Third? You ask. The Ballpark in Arlington was the first true ballpark in Texas. Arlington Stadium was an overstuffed minor league park not worthy of full MLB bonafides, right?
Arlington Stadium was an overstuffed minor league park, true. But it held up for 22 years in an era where ballparks were not as obscenely specced as they are today. Arlington Stadium was redone during the time of the cookie cutter stadia. It was a round bowl. A bare bones facility. It had no roof. There were no cantilevered decks, and the press box attracted the North Texas winds like a vacuum. It was odd and disproportional, yet I had a slight affinity for it when I saw the A’s play road games there. Perhaps that’s because I never had a chance watch a summer game there.
In 1994 the Stadium was replaced by The Ballpark in Arlington (review), an early entrant in the new era of retro-classical ballparks. TBiA (now Globe Life Park) was built to hold 50,000 fans, a bunch of offices in center field, and the new standard of club seats and suites. What TBiA lacked was any kind of roof with an air conditioning system. A fixed roof was not really in the cards, and the only retractable roof at the time was at the hulking SkyDome, far too expensive for the $191 million budget. So to compensate, the Rangers built ultra large covered concourses with an open facade. It felt airy, and felt pretty good in April and sometimes September. July and August were punishingly brutal thanks to the humidity. George W. Bush, who was looking for a trophy to propel his burgeoning political career, didn’t have six years to wait until the retractable technology evolved to the point of affordability, as it did for the Astros. So TBiA was built, Dubya became governor, and the Rangers stayed in Arlington.
Recently, Rangers ownership, now changed twice, started looking for a more technologically modern home, citing the need for a retractable dome thanks to the heat and humidity problems. A dome over the top of TBiA was considered problematic because of the lack of a support structure (and infrastructure) to carry the roof’s load. Prominent Dallas interests quietly started talking up a ballpark within the city, perhaps close to American Airlines Center. Arlington pulled the rug out from Dallas by working with the Rangers on an eventual replacement for TBiA, even though eight years remained on the lease.
What will be the price tag for improved climate control? A cool $1 billion, half of it charged to the citizens of Arlington via extensions of existing sales/hotel/car rental tax hikes. Arlington pols feel confident about the plan because they may pay off the debt at the Cowboys’ AT&T Stadium 10 years early. Sure, they’ll outfit the park with more restaurants, bars, club levels, different types of suite boxes, and custom bat/bear/doohickey booths. And there will be a huge fan plaza with retail and a hotel, finally giving the immediate area something else walkable from the park. That mini ballpark village will be called Texas Live!, located kitty corner from the current ballpark to the southwest.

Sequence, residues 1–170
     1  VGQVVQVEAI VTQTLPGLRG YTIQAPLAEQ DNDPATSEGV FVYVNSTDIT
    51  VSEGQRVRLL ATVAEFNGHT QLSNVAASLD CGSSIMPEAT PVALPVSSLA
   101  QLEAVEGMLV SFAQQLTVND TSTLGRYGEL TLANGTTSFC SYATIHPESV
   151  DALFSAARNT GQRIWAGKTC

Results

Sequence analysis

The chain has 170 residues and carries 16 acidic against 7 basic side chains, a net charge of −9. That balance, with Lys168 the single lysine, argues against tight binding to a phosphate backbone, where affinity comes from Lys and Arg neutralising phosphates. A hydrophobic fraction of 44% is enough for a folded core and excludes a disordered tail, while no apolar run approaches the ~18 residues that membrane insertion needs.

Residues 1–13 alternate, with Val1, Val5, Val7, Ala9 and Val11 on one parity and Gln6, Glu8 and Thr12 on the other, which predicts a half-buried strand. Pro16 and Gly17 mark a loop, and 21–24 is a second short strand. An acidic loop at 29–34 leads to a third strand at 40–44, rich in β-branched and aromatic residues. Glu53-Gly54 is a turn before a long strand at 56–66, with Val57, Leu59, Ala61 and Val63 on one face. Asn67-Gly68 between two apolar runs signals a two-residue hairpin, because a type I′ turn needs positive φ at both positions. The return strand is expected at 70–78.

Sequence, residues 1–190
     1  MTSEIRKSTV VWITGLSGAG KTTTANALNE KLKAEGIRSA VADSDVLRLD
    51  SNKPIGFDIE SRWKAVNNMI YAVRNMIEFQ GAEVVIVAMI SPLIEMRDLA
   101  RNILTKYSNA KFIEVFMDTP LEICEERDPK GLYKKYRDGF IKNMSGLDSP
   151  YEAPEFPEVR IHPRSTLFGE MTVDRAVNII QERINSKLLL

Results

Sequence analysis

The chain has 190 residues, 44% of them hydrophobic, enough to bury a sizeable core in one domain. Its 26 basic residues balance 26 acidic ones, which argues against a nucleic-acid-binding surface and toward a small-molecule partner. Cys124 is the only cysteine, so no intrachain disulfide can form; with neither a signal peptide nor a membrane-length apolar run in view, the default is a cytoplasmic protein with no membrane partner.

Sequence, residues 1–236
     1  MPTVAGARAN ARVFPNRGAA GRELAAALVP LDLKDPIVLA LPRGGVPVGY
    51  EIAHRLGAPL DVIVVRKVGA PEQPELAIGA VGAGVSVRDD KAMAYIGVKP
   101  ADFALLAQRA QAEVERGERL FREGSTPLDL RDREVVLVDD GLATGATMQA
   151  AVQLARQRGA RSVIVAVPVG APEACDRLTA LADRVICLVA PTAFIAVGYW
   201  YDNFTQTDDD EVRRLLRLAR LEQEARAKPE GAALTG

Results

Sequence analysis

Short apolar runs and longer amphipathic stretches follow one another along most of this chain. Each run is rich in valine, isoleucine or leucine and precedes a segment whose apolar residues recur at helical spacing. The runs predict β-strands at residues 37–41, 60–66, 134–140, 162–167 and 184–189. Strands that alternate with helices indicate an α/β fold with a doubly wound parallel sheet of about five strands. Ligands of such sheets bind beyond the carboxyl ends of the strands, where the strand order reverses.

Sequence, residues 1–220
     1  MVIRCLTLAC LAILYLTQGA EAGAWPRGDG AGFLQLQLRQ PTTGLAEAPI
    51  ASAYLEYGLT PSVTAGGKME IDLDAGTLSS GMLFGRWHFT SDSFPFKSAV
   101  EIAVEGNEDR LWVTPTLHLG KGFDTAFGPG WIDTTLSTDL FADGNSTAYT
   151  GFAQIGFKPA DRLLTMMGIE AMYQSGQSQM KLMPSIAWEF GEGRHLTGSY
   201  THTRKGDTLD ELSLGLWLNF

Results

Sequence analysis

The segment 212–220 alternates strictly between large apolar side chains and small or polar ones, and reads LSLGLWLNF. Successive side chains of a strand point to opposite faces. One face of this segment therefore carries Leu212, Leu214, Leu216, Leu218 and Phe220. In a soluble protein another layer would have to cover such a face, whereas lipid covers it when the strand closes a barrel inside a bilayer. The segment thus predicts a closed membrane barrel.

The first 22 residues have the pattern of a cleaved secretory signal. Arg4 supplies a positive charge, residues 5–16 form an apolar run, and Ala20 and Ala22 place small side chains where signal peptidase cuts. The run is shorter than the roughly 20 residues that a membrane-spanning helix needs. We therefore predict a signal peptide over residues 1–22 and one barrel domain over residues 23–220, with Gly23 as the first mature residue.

There are a few sobering takeaways from this whole exercise.
- Public money makes a stadium project move faster. Once those coffers are open, stakeholders are willing to move heaven and earth to make these projects happen. This is the #1 reason why no stadium is happening in Oakland right now, why San Jose’s ballpark fizzled, and why the Earthquakes’ stadium was delayed. Owners and leagues want municipalities to have skin in the game or a pound of flesh, whatever you want to call it.
- There is little virtue in paying off a stadium early. Just as AT&T Stadium is projected to be paid off early, Phoenix’s Chase Field had its debt retired early. For Phoenix, all that meant was that the Diamondbacks asked for a new ballpark earlier than planned. Same goes for the Rangers in Arlington. Considering how so many sports venues don’t pay for themselves, such moves take a lot of chutzpah.
- The next wave of ballparks is here. Cobb County’s park for the Braves will open next year. The Rangers are shooting for 2021. Arizona is asking for their own smaller, more intimate park. Arte Moreno has been saber rattling Anaheim for years. Other teams will call for extensive renovation plans. This new era may not have the same wholesale turnover of venues as it did during the Selig era, but whatever happens promises to be very expensive, and for most teams, largely unnecessary.
Sometimes it feels like the world is passing the A’s by. This is no more clearly evident than in the stadium game. At least the Rays are here to keep us company.